Posted by editor 26/09/2013 0 Comment 3485 views


Jenny McBain speaks to the founder of Snow-Camp – a charity which offers young people from the inner-cities a chance to progress through participation in snow sports.

Some sports have an association with money and privilege but a thriving London based charity has proven that social barriers can be surmounted for the good of all.  Dan Charlish, who is the founder of a charity called Snow-Camp, first got the opportunity to go snowboarding when he was 21 years old and he loved it so much he wanted to extend the opportunity to others.

He says, “There is just something uniquely special about being away from everything on the top of a mountain on a blue-sky day with your friends and a snowboard or a pair of skis.  I wanted to offer that experience to young people who would not normally have that sort of opportunity.”

Dan’s belief that participation in snow sports could benefit young people in inner cities was put on hold as he followed a career in overseas development.  However, when he returned to the UK to work in a community centre in Stockwell in South London, he was able to road test his idea.

He says: “On the first year we took 10 kids from 10 to 19 years old.  We had a lot of experienced youth workers with us and there was just something profound about the mountains and the way that snow sports impacted on the young people. We just thought knew we had something really special. There was something about the shift in environment from where the young people were living day to day to somewhere  beautiful that had a real impact.  There was nothing else out there that was offering young people that kind of opportunity.”

That was in 2003.  Since those early days, around 3,500 young people have benefited from a Snow-Camp experience and it is now possible to become a snow sports professional.  However, even just a few days on the slopes can act as a catalyst for  positive growth.

Dan says, “A lot of our kids have a low opinion of themselves.  They’ve been told their hoodies and don’t have much to offer.  After just a few days instruction, you are coming down a run, you’re linking your turns and you’ve achieved something amazing despite the challenge at the start.  The message is quite easily transmitted to young people that they can apply this to other areas of their lives.  We see a lot of increased confidence and self esteem, hope and aspiration that kind of stuff.”

Expanding horizons through exploration of a whole new environment is a key component of the programme’s success.  However a direct line is drawn between progress on the slopes and important life lessons.

Dan says, “Snow sports deliver quick rewards if you put in the initial effort.  Success requires determination, commitment, listening skills, focus and the ability to overcome fear and challenge.  These are all transferrable attributes.”

Around 75% of Snow- Camp participants are from ethnic minorities, so they can look conspicuous in the predominately white world of winter sports.  Dan says, “We tell our young people that they are pioneers and that they should be proud that they are there representing their communities.”

Gang culture is a major, negative force which can entrap young people living in inner-city areas.  Snow-Camp seems to successfully breakdown barriers and facilitate new friendships.

Dan says, “One of the real positives is that you see a lot of young people who would traditionally not associate with each other because of their gang culture being put in situations where they can’t retain those values because they are all living and learning together.  Bringing different groups of people together on the slopes seems to homogenise them as an inner-city group of kids.  They are all together surrounded by positive role models and mentors, having lots of fun”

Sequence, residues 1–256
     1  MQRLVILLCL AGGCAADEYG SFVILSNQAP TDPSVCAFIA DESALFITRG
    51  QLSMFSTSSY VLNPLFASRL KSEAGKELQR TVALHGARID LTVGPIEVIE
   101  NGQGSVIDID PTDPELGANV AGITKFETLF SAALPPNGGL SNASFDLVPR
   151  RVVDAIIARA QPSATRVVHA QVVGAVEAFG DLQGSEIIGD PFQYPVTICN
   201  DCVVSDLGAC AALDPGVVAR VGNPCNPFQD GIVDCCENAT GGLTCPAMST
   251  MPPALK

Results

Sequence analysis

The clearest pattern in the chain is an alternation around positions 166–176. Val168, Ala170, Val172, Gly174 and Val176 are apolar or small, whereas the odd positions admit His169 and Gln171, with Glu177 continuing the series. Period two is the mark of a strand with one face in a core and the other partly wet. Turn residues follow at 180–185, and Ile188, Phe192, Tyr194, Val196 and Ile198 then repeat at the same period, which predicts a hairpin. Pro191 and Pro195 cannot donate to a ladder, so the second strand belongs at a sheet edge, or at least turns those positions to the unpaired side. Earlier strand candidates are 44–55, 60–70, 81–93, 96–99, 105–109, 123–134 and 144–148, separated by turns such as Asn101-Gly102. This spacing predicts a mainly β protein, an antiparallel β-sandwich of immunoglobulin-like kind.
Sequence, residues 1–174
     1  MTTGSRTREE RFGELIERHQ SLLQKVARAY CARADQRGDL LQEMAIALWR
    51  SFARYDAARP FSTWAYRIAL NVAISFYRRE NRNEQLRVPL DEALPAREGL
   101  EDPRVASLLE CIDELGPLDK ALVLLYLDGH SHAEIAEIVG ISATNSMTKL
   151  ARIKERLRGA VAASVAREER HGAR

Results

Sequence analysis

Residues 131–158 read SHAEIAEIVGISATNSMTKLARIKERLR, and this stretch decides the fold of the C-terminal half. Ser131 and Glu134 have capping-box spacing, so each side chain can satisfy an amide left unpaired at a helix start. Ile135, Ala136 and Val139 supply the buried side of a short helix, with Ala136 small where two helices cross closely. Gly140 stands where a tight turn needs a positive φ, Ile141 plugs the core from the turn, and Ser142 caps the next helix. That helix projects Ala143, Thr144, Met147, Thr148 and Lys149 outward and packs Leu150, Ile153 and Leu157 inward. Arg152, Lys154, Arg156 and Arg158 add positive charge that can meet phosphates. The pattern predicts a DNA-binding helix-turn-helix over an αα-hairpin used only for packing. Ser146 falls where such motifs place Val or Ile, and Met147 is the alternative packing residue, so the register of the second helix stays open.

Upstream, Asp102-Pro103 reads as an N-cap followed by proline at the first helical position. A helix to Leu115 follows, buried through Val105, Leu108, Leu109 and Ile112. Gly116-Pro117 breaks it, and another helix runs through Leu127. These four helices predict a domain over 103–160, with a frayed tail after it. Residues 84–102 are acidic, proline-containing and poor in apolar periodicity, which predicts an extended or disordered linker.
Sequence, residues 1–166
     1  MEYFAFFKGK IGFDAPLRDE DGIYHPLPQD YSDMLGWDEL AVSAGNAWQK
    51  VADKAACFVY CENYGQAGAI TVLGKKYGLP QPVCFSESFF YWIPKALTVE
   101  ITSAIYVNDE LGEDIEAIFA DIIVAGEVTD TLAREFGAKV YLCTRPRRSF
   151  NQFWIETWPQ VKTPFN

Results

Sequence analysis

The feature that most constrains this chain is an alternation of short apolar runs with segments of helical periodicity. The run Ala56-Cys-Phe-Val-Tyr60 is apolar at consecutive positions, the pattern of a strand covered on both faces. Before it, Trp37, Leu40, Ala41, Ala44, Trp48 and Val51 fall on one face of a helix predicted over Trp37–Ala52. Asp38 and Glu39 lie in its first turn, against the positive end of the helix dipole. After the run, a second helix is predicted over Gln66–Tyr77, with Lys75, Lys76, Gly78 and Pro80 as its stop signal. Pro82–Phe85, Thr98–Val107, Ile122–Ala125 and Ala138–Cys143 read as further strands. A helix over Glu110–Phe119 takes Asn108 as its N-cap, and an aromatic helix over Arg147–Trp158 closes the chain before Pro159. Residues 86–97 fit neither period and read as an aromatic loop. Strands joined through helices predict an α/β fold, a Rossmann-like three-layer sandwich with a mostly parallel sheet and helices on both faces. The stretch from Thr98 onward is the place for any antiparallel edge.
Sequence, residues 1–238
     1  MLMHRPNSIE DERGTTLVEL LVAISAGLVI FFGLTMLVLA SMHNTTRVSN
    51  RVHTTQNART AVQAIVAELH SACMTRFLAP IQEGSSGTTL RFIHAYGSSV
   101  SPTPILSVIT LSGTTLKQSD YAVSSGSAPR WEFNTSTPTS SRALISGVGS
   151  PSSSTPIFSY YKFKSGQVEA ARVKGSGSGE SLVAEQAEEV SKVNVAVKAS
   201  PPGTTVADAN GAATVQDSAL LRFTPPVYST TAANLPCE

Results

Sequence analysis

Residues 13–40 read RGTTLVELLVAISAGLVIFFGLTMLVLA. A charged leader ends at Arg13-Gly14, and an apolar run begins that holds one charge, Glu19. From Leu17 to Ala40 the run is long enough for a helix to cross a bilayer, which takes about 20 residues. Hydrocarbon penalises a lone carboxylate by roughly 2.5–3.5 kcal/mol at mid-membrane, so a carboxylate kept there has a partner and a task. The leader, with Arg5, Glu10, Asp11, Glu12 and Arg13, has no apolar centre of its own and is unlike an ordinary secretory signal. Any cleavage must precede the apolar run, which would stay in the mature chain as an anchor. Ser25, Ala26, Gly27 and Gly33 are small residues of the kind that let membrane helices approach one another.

There are solid, measureable outcomes too.  It is possible to start as a complete beginner and progress towards becoming a qualified instructor who then comes back to teach a new group of beginners.  Such tangible possibilities are exciting.

Dan says, “A lot of the attraction of what we do is that snows sports are seen as cool and there is a path to progression which leads to jobs and an exciting lifestyle.”

Snow-Camp is now expanding into other major cities and the charity has just forged a link with Sir Richard Branson for an annual kite-surfing fundraising event.  Dan feels positive about the charity’s future.

He says, “I hope we can expand this programme so that within the next five years we are working with five times as many young people each year in five different cities. That would be a fantastic thing.”


Young Londoner Ava is at university studying criminology and journalism.  She attributes much of her success so far to her involvement with Snow-Camp.  From beginnings as a complete novice, Ava has progressed to becoming an expert boarder.

She says, “The excel programme was the hardest programme up until now.  I had to teach and be taught and now I am a snowboard instructor.  Without Snow-Camp teaching me everything that is achievable, I would never have dreamt of being a snowboard instructor.  It was unthinkable and people don’t believe it when I tell them.”

So how did those positive life changes come about?  Ava puts it this way.  “All the experiences I have undergone have changed me as a person.  The skills I have learnt and now possess, I have used in my life outside of snowboarding and Snow-Camp.  The main characteristics that I now possess because of Snow-Camp are ambition and determination.  And able to help and teach youths that are in a position I was once in makes it all worthwhile.”


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